Apps and Software

YouTube tests fighting ad blockers with 3-strike rule

It's a "small experiment."
By Stan Schroeder  on 
YouTube logo
The noose around ad blockers is tightening. Credit: Thomas Trutschel / Getty Images

Using an ad blocker to get rid of those pesky YouTube ads? We've got bad news for you.

YouTube is currently running a test in which it blocks video viewing for people using ad blockers. Discovered by Redditor Reddit_n_Me(opens in a new tab) (via Android Authority(opens in a new tab)), the test includes a pop-up menu that emerges if you're running an ad blocker, telling you that your video player will be "blocked after three videos."

"It looks like you may be using an ad blocker. Video Playback will be blocked unless YouTube is allowlisted or the ad blocker is disabled," the pop-up says. It then offers the users to try YouTube's paid tier, YouTube Premium, and there's also an option to "report issue" if you're not, in fact, using an ad blocker.

Reddit_n_Me didn't share any details on what type of ad blocker they were using.

YouTube confirmed the test to The Verge(opens in a new tab), saying that it's running "a small experiment globally that urges viewers with ad blockers enabled to allow ads on YouTube or try YouTube Premium.”

The company says that it takes "disabling playback very seriously," and that it will only disable playback for users who "ignore repeated requests to allow ads on YouTube."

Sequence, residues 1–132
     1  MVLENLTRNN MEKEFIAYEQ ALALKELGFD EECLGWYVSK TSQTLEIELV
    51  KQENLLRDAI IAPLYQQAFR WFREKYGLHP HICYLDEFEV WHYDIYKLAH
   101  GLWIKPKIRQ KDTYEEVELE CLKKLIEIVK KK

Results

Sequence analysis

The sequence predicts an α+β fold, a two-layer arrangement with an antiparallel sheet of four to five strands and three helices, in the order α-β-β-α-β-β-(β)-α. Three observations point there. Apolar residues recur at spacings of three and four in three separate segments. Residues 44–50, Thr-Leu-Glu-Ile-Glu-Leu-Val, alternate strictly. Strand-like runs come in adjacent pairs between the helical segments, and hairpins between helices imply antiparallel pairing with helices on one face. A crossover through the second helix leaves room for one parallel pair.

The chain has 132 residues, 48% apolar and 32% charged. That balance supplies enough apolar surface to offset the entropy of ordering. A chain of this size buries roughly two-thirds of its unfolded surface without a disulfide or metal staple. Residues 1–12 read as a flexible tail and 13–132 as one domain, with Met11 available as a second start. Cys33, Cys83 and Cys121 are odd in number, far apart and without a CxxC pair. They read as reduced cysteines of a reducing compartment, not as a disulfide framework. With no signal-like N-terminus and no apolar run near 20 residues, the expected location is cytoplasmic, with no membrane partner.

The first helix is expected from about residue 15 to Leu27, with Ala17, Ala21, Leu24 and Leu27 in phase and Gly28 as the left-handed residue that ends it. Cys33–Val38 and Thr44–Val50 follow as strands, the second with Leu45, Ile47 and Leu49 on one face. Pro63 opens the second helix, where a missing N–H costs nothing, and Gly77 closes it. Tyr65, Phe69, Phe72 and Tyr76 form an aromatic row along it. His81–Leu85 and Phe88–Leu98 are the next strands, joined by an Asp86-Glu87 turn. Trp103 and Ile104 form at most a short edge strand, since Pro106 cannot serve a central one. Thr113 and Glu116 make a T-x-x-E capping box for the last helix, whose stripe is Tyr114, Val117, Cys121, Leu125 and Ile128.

YouTube ads, which the company claims supports "a diverse ecosystem of creators, and provides billions of people globally access for free," have become more of a nuisance in recent years, with ads becoming more frequent and longer (an experiment last year served up to 10 unskippable ads(opens in a new tab) at once to some users).

On the flip side, at $11.99 per month, YouTube Premium(opens in a new tab) is one of the pricier content plans out there (for comparison, Spotify and Netflix Basic both cost $9.99 per month), which is likely the reason why some users opt for using ad blockers to get rid of YouTube ads. The company maintains that using ad blockers violate YouTube's Terms of Service, and if this recent experiment is any indication, it will start enforcing those rules more vigilantly soon.

More in YouTube

Stan is a Senior Editor at Mashable, where he has worked since 2007. He's got more battery-powered gadgets and band t-shirts than you. He writes about the next groundbreaking thing. Typically, this is a phone, a coin, or a car. His ultimate goal is to know something about everything.

Recommended For You
Telegram to launch its own version of Stories

Facebook might start bypassing Apple and Google's app stores in the EU

Charli D'Amelio talks Tamagotchis and TikTok trends

More in Tech
How to cancel your Amazon Prime membership

DoorDash expands grocery access through SNAP and EBT payment options

Paying for Prime Day purchases with Affirm: With great power comes great responsibility

Trending on Mashable
Wordle today: Here's the answer and hints for July 1

Twitter now blocks visitors from viewing tweets, and profiles unless they're logged in

Spectacular Webb telescope image reveals things scientists can't explain

Elon Musk claims Twitter login requirement just 'temporary'

Twitter's API keeps breaking, even for developers paying $42,000
The biggest stories of the day delivered to your inbox.
This newsletter may contain advertising, deals, or affiliate links. Subscribing to a newsletter indicates your consent to our Terms of Use(opens in a new tab) and Privacy Policy(opens in a new tab). You may unsubscribe from the newsletters at any time.
Thanks for signing up. See you at your inbox!